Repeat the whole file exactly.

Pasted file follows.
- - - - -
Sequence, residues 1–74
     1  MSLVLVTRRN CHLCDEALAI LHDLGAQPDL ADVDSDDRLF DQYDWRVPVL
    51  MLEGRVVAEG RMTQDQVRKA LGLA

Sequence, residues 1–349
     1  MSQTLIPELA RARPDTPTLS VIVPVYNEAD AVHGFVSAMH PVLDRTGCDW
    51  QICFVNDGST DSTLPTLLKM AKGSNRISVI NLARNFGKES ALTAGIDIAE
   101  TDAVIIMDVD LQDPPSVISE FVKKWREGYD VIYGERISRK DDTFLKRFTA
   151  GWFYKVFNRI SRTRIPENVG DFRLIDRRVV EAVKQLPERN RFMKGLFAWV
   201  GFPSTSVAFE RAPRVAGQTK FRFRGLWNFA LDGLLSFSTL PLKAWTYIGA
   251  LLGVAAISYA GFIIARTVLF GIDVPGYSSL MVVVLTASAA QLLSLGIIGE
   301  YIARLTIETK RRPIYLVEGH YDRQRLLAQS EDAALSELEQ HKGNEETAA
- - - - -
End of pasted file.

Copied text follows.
Sequence, residues 1–74
     1  MSLVLVTRRN CHLCDEALAI LHDLGAQPDL ADVDSDDRLF DQYDWRVPVL
    51  MLEGRVVAEG RMTQDQVRKA LGLA

Sequence, residues 1–349
     1  MSQTLIPELA RARPDTPTLS VIVPVYNEAD AVHGFVSAMH PVLDRTGCDW
    51  QICFVNDGST DSTLPTLLKM AKGSNRISVI NLARNFGKES ALTAGIDIAE
   101  TDAVIIMDVD LQDPPSVISE FVKKWREGYD VIYGERISRK DDTFLKRFTA
   151  GWFYKVFNRI SRTRIPENVG DFRLIDRRVV EAVKQLPERN RFMKGLFAWV
   201  GFPSTSVAFE RAPRVAGQTK FRFRGLWNFA LDGLLSFSTL PLKAWTYIGA
   251  LLGVAAISYA GFIIARTVLF GIDVPGYSSL MVVVLTASAA QLLSLGIIGE
   301  YIARLTIETK RRPIYLVEGH YDRQRLLAQS EDAALSELEQ HKGNEETAA